• Click here to watch the Obama campaign's TV ad featuring Big Bird.
A passing quip about Big Bird in the presidential debate a week ago has evolved into a full-fledged campaign flap.
President Barack Obama's campaign on Tuesday deployed the beloved “Sesame Street” character in a satirical TV ad, which mocked GOP challenger Mitt Romney for having said he would cut off public broadcasting's government funds if elected.
That quickly ruffled feathers.
Sesame Workshop, the nonprofit charity that sponsors “Sesame Street” and other childhood education programs, disavowed the ad and asked that it be halted.
Romney dismissed the spot as trivializing, although he was the one who brought Big Bird into the national political conversation in last week's debate. Asked to describe how he would cut federal spending, he had said, “I'm going to stop the subsidy to PBS” but added, “I like PBS. I love Big Bird.”
That gave national prominence to Romney's vow, a staple of his campaign appearances for months, to cut off public broadcasting's subsidy. Social media lit up. Users posted photos online of Big Bird appearing down on his luck or searching for work. People dressed as Big Bird have followed Romney to campaign events.
And last weekend, the real Big Bird made an appearance on “Saturday Night Live,” saying, “I feel like I'm famous now. I was walking down the street the other day and felt like everyone recognized me.”
The Obama camp, smarting from critics who said the president seemed lackluster in the debate, has capitalized on “Sesame Street” fever. At campaign appearances every day since the debate, Obama has mocked Romney's remark.
“He said he'd bring down our deficit by going after what has been the biggest driver of our debt and deficits over the last decade — public television, PBS,” Obama said Monday in San Francisco. “Elmo has been seen in a white Suburban. He's driving for the border. Oscar is hiding out in his trash can. We're cracking down on them.”
The satirical TV ad, scheduled to air on national broadcast and cable stations, upped the ante. Posted online Tuesday, it shows images of convicted financiers, including Bernie Madoff and Ken Lay, suggesting that Romney believes Big Bird is responsible for their crimes.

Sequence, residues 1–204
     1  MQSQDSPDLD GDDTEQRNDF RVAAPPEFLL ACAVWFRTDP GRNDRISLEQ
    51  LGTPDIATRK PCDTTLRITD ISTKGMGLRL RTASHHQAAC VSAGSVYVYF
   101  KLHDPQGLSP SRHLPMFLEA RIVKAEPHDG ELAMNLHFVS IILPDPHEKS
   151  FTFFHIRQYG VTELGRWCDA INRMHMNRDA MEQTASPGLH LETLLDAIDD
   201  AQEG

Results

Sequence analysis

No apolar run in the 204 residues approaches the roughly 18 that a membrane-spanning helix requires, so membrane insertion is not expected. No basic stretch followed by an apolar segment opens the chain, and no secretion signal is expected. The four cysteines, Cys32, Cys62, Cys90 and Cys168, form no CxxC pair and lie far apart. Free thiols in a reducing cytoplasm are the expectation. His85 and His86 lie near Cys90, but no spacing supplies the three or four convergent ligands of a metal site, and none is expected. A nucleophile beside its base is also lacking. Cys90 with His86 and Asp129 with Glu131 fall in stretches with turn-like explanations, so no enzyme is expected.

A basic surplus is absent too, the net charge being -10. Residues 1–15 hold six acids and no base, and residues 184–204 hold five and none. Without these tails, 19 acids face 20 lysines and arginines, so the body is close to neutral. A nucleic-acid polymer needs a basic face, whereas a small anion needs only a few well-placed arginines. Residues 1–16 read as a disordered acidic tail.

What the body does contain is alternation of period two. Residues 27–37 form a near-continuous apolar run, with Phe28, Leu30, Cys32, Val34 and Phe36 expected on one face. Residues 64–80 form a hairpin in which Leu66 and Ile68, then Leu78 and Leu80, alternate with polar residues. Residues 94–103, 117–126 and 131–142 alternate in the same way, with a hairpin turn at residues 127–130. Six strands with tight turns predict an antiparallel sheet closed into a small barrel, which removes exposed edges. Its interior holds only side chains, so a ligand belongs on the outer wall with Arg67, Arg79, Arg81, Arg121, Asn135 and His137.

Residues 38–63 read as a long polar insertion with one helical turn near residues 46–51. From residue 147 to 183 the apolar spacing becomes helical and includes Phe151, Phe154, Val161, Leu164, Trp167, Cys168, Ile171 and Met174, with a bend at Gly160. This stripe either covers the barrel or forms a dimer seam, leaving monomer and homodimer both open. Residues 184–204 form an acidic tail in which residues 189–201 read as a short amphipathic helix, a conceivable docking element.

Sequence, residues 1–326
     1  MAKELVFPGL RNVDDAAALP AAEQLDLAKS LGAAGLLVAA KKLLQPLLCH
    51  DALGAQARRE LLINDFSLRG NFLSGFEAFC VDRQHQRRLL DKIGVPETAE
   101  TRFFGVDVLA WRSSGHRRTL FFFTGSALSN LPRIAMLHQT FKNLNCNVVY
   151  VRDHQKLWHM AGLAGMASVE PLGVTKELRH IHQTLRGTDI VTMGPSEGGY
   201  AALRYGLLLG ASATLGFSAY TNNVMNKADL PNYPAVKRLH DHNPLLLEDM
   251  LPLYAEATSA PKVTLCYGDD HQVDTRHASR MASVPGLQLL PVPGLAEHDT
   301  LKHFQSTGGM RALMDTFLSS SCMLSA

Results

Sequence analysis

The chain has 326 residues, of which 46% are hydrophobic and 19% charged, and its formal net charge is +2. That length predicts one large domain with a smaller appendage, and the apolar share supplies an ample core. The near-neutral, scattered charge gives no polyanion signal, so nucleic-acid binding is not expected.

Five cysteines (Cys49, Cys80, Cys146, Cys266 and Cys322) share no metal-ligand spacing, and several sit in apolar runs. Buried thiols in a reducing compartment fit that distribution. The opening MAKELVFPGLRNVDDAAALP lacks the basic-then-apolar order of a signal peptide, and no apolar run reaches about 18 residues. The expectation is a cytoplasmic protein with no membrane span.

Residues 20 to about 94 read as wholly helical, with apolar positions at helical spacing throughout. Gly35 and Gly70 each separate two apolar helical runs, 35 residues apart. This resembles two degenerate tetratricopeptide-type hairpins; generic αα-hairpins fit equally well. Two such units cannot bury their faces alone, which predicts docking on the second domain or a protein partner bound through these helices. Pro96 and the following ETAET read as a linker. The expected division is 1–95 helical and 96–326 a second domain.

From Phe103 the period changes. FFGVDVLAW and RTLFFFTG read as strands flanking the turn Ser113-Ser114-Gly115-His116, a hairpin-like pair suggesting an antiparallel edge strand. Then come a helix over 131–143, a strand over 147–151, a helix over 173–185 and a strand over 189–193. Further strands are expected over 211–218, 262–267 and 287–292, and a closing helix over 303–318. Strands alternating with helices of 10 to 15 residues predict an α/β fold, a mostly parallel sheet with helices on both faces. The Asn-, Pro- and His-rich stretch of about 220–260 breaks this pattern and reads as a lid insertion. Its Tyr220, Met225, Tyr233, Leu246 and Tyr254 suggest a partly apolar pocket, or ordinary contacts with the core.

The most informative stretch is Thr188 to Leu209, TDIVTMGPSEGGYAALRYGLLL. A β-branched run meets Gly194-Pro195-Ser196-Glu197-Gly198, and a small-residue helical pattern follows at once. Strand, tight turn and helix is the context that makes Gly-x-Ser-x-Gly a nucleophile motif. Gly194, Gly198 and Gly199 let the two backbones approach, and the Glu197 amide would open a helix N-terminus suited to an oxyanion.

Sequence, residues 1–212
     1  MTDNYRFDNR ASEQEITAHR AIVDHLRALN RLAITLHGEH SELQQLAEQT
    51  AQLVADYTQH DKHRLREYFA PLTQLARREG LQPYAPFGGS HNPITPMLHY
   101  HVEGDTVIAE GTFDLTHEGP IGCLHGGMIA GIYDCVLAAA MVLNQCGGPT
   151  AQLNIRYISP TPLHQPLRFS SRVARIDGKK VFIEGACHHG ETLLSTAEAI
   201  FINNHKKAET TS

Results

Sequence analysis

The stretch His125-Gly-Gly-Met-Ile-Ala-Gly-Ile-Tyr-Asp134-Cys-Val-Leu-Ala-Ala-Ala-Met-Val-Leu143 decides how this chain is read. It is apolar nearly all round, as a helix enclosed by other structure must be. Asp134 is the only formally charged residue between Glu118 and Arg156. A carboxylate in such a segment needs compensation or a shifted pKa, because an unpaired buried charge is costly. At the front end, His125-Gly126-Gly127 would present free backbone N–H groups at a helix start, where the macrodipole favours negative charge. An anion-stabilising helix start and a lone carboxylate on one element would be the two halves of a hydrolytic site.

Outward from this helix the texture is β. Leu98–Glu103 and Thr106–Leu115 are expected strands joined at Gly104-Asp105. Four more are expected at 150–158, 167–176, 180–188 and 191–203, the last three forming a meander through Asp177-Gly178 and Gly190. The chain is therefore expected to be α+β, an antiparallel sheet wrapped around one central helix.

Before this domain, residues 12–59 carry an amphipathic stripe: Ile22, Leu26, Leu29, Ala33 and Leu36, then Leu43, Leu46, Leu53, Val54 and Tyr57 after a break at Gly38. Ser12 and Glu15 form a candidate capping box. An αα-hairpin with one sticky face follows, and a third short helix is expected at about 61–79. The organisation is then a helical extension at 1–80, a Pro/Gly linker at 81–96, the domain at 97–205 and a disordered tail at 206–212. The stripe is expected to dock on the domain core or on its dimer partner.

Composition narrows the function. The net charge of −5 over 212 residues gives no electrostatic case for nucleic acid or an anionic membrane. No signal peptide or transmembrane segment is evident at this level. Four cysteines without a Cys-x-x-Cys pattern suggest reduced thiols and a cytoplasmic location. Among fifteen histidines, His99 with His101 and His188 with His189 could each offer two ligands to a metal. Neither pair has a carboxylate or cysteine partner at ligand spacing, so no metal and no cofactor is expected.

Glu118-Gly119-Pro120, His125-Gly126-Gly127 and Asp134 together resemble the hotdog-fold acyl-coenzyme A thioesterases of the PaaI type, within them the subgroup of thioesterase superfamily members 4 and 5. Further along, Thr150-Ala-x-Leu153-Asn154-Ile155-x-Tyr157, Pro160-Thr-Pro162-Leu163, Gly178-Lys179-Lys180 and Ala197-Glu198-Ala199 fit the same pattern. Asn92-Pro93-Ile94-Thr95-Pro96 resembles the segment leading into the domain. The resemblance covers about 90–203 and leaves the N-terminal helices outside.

“Big. Yellow. A menace to our economy,” the narrator intones. “Mitt Romney knows it's not Wall Street you have to worry about. It's Sesame Street.”
The show's sponsor, for one, was not amused.
“Sesame Workshop is a nonpartisan, nonprofit organization and we do not endorse candidates or participate in political campaigns,” the group said in a two-sentence statement. “We have approved no campaign ads and, as is our general practice, have requested that the ad be taken down.”
An Obama campaign spokesman said the request was under review.
Romney, campaigning Tuesday morning in Iowa, dismissed the ad as inconsequential and suggested that Obama was focusing on trivial matters rather than the economy.
“These are tough times with real serious issues, so you have to scratch your head when the president spends the last week talking about saving Big Bird,” he said. “I actually think we need to have a president who talks about saving the American people and saving good jobs and saving our future.”
Big Bird is only the latest star in a campaign proxy war over a larger issue.
In 2008 it was “Joe the Plumber,” or Joe Wurzelbacher, an Ohioan whose question at an Obama appearance set off a national debate over tax policy and government spending.
Now it's the bird's turn to sit center stage in the debate over federal expenditures in tough times.
Public broadcasting has long been a target of scorn among conservatives who see it as having a liberal bias and being unworthy of federal subsidy. Romney has suggested that shows like “Sesame Street” should be supported by advertising, like other television fare.
Obama, in turn, has tried to frame the controversy as one of conservative overreach and misplaced priorities, suggesting that Romney would cut funds for children's programming while giving tax breaks to the wealthy.
PBS, the nonprofit network of some 350 public television stations nationwide, gets part of its funding from the Corporation for Public Broadcasting, the nonprofit that Congress set up in 1967 to distribute funds to public media. The amount this year totaled $445 million. PBS said after last week's debate that public broadcasting receives about one one-hundredth of 1 percent of the federal budget.